The Scheduled Gemba Visit

The day of the scheduled gemba visit the VP was a day (one of many) when one of the key pieces of production equipment (“a TIG welder,” if I remember correctly) was down. And it was down HARD. This was a piece of really old machinery that was “held together with duct tape a chewing gum,” as people say in these situations. The downtime was a problem and the production engineer was doing his best to work on that over time.

The poor reliability of that machine was one of the drivers for my project that was focused on properly setting inventory levels for our internal kanban system (this production area made subassemblies that flowed to a final assembly area).

When we talk about “lowering the water to expose the rocks,” the rocks (the downtime) were already super visible. In the short-term, we thought it made sense to “raise the water” a bit until the equipment could be fixed or replaced (a longer-term countermeasure that would allow us to lower the water). ‘

Customer deliveries were being missed, so this wasn't a time to cling to Lean dogma about inventory being bad. We needed to buffer against this problem until it could be fixed.

Our Lean Six Sigma group's cubicles and offices were up in a mezzanine level (not ideal, as it was a bit far from the gemba). You run the risk of having your head up in the clouds if you were there all the time.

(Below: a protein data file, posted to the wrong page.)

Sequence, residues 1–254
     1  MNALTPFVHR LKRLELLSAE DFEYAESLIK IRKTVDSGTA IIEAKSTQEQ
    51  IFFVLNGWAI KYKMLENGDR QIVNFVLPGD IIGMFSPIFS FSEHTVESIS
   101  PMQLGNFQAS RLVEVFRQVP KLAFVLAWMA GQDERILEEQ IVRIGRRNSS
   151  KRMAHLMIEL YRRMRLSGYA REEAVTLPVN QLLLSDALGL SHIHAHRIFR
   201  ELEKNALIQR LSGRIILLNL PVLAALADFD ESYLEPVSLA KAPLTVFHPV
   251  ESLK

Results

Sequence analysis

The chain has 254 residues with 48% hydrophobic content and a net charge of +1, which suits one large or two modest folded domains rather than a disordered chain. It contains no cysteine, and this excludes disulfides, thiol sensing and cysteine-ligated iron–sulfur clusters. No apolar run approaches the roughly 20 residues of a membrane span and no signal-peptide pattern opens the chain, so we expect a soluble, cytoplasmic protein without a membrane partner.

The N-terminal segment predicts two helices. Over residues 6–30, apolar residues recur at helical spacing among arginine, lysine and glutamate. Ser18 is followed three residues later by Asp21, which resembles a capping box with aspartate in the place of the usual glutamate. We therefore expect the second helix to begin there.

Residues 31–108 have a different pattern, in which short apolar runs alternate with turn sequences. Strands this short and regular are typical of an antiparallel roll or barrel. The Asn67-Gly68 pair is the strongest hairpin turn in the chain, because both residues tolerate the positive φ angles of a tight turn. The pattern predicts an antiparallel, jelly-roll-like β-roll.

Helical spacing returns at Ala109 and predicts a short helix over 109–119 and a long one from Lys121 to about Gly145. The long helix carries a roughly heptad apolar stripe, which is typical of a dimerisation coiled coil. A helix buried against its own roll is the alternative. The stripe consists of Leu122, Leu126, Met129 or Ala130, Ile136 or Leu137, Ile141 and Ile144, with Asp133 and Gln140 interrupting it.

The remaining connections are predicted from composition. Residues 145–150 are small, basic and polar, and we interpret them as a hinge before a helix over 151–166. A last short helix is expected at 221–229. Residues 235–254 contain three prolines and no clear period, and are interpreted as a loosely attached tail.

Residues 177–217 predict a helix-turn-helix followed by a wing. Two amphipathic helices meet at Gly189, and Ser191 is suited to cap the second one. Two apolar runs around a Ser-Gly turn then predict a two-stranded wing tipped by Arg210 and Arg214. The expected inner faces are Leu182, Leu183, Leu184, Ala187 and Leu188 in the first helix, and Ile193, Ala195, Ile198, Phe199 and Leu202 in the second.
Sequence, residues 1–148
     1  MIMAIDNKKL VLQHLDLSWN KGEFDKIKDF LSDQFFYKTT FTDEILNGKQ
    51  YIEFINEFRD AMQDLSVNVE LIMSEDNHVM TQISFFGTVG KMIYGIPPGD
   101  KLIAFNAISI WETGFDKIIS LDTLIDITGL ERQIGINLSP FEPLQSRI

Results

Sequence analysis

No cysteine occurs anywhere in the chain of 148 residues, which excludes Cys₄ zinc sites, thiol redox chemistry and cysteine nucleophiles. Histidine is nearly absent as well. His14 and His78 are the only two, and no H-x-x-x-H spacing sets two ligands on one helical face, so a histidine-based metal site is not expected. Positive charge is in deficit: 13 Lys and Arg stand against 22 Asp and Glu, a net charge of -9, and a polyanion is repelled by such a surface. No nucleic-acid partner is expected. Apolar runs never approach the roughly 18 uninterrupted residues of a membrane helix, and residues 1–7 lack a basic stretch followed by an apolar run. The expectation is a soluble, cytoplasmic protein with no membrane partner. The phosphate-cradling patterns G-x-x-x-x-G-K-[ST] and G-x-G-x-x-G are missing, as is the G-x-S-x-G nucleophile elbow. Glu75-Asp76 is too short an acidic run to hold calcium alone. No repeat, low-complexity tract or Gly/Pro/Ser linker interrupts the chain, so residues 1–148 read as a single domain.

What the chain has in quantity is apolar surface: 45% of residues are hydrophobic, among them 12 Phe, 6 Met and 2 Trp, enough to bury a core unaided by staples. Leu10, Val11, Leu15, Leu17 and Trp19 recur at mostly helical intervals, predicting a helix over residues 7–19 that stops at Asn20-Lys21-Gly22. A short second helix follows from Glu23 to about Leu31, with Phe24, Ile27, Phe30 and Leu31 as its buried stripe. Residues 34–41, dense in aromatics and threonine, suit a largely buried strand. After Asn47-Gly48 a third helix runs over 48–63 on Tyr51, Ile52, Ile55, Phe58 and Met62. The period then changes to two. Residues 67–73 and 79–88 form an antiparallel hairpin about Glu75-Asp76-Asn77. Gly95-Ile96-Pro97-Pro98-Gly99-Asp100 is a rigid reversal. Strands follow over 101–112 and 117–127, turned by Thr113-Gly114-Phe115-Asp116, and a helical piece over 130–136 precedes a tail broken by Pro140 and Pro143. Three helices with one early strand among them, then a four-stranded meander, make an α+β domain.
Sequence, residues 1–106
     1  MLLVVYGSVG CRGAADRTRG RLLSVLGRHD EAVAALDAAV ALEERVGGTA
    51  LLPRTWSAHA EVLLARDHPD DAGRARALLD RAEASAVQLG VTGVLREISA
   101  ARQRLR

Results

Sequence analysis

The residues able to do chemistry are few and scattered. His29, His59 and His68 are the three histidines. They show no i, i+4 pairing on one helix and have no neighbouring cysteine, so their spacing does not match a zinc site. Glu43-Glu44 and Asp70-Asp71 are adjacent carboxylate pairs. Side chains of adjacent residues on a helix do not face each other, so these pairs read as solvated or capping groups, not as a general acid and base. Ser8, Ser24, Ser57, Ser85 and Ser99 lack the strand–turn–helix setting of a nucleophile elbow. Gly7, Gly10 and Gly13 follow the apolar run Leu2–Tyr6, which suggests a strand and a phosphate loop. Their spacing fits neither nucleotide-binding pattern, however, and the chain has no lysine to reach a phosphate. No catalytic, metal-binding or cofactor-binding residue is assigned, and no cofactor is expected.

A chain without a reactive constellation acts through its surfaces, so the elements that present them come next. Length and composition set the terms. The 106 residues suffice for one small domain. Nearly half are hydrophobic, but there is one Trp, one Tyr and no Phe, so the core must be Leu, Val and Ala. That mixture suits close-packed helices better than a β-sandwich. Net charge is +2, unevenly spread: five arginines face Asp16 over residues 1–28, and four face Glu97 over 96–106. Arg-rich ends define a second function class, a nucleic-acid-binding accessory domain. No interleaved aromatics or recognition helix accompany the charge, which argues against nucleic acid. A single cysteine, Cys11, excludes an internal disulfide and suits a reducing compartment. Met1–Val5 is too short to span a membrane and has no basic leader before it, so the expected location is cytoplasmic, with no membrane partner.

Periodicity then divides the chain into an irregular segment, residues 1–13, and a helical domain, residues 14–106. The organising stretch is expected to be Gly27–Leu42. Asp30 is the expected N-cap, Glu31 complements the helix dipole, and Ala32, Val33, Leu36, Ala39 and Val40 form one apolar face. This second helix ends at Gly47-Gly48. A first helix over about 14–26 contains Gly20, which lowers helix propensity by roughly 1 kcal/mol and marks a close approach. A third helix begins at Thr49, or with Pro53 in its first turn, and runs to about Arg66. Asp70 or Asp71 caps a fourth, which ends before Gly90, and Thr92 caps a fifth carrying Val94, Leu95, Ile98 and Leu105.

I was concerned about bringing the VP down while production wasn't running. It would be more difficult to show him some of the changes we had made to improve flow in the area (the old habits of “batching” die hard).

My director and I had a chat with the VP as we were starting to walk down the metal stairs to the gemba.

We explained that the key bottleneck machine was down, as to set expectations.

The Ridiculous, Clueless Mindset

Then he unleashed this statement:


If those weren't his exact words, they're very close.

He was disrespectful. He was assuming. He was ignorant about production.

Notice I didn't say he was stupid. He wasn't stupid. Far from it. And sometimes that's the problem.

Cue more Memojis and my range of reactions in the moment.

I think I said something like:

“Well, that's not how it works. And it's not the front line team members' fault that they are forced to use old equipment that was poorly maintained for a long time.”

He was blaming (and suggesting that we punish) people for something that wasn't their fault. How motivating, right? No.